## 3.1 From the t-test to the linear (mixed) model

We begin with the now-familiar Grodner and Gibson (2005) self-paced reading data; this design was first presented in chapter 2. Load the data and compute the means for the raw reading times by condition:

```
library(lingpsych)
data("df_gg05e1")
<- df_gg05e1
gg05e1 <- round(with(gg05e1, tapply(rawRT,
means IND = condition,
mean
))) means
```

```
## objgap subjgap
## 471 369
```

As predicted by theory (Grodner and Gibson 2005), object relatives (labeled objgap here) are read slower than subject relatives (labeled subjgap).

As discussed in the previous chapter, a paired t-test can be done to evaluate whether we have evidence against the null hypothesis that object relatives and subject relatives have identical reading times. However, we have to aggregate the data by subjects and by items first.

```
<- aggregate(rawRT ~ subject +
bysubj
condition,
mean,data = gg05e1
)<- aggregate(rawRT ~ item +
byitem
condition,
mean,data = gg05e1
)
```

Figure 3.1 shows the distribution of the data in the two conditions (aggregated data by subjects and by items). Clearly, there are some extreme, possibly influential values in the by-subjects data.

```
## Bin width defaults to 1/30 of the range of the data. Pick better value with `binwidth`.
## Bin width defaults to 1/30 of the range of the data. Pick better value with `binwidth`.
```

```
summary_ttest(t.test(rawRT ~ condition,
paired = TRUE, bysubj
))
```

```
## [1] "t(41)=3.11 p=0.003"
## [1] "est.: 102.29 [35.85,168.72] ms"
```

```
summary_ttest(t.test(rawRT ~ condition,
paired = TRUE, byitem
))
```

```
## [1] "t(15)=3.75 p=0.002"
## [1] "est.: 102.29 [44.21,160.36] ms"
```

What these two t-tests show is that both by subjects and by items, there is strong evidence against the null hypothesis that the object and relatives have identical reading times.

Interestingly, exactly the same t-values can be obtained by running the following commands, which implement a kind of linear model called the *linear mixed model*:

```
<- lmer(rawRT ~ condition + (1 | subject), bysubj)
m0rawsubj summary(m0rawsubj)$coefficients
```

```
## Estimate Std. Error t value
## (Intercept) 471.4 31.13 15.143
## conditionsubjgap -102.3 32.90 -3.109
```

```
<- lmer(rawRT ~ condition + (1 | item), byitem)
m0rawitem summary(m0rawitem)$coefficients
```

```
## Estimate Std. Error t value
## (Intercept) 471.4 20.20 23.336
## conditionsubjgap -102.3 27.25 -3.754
```

The sign of the t-value is the opposite to that of the paired t-test above; the reason for that is the contrast coding used; this will be explained below.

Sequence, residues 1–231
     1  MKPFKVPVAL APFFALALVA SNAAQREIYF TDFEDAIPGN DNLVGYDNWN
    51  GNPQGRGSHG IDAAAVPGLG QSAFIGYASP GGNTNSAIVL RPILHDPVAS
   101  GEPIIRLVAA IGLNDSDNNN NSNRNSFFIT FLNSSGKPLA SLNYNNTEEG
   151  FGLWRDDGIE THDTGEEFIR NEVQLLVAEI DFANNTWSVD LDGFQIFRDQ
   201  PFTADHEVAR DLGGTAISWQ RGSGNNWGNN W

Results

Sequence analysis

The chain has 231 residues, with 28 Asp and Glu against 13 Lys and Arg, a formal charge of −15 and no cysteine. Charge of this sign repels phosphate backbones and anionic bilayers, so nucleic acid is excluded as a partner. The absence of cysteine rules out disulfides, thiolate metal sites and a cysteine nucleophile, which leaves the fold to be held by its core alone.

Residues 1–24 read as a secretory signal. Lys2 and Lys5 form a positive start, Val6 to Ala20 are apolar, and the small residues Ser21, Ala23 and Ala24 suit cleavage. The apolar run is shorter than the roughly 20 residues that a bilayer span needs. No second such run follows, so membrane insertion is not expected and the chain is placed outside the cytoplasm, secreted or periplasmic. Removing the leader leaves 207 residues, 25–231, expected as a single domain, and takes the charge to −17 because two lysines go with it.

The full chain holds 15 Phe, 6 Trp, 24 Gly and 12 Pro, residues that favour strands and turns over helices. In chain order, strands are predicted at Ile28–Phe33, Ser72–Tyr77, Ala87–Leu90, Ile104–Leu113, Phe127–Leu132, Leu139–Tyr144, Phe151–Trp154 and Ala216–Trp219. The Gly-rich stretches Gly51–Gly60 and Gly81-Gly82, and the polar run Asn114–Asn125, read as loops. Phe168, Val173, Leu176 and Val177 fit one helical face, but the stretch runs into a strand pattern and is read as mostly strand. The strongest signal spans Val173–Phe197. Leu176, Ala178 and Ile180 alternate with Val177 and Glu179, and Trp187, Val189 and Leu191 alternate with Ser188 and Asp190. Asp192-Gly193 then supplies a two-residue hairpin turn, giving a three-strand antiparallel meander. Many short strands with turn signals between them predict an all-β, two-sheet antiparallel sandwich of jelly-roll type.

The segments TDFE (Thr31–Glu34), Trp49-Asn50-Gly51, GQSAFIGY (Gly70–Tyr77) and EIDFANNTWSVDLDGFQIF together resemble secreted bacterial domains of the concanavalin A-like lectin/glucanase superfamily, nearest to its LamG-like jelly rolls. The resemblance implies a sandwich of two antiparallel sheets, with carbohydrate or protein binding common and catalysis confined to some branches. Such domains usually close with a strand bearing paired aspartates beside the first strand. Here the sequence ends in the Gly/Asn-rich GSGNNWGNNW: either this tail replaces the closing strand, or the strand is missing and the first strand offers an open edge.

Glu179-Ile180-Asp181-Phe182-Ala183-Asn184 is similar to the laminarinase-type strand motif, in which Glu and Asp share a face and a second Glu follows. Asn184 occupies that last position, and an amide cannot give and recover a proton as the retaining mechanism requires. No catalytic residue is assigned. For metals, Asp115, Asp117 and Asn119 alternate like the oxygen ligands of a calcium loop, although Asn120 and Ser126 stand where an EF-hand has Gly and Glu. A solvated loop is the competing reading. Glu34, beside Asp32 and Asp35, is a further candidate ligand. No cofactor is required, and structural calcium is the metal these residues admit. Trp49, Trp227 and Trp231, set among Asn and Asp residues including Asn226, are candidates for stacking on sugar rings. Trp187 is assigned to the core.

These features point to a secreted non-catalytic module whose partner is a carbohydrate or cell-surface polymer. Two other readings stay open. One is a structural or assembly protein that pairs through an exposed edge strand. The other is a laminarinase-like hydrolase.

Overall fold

Our goal in this chapter is to understand the above model involving the `lmer`

function, using the familiar paired t-test as a starting point.

For now, consider only the by-subject analysis. Given the sample means shown above for the two conditions, we can rewrite our best guess about how the object and subject relative clause reading time distributions were generated:

- Object relative reading time: \(Normal(471,\hat\sigma)\)
- Subject relative reading time: \(Normal(369,\hat\sigma)\)

Here, \(\hat\sigma\) is the estimated standard deviation; it is assumed to be the same for the two relative clause conditions. Right now the focus is only on the two estimates mean reading times for the two conditions.

The above two statements about the underlying pdf that produced the two relative clause conditions’ reading times can also be rewritten with respect to the mean reading time of the object relative and the difference between the two conditions (the reasons for this will become clear presently):

- Object relative: \(Normal(471-102\times 0,\hat\sigma)\)
- Subject relative: \(Normal(471-102\times 1,\hat\sigma)\)

Note that the two distributions for object and subject relative clauses (RCs) are assumed to be independent. This assumed independence is expressed by the fact that we define two separate Normal distributions, one for object relatives and the other for subject relatives. We saw earlier that this assumption of independence does not hold in our data because, in the aggregated data, each subject delivers a data point for subject relatives and another data point for object relatives. However, for now we will ignore this detail; we will fix this shortcoming later.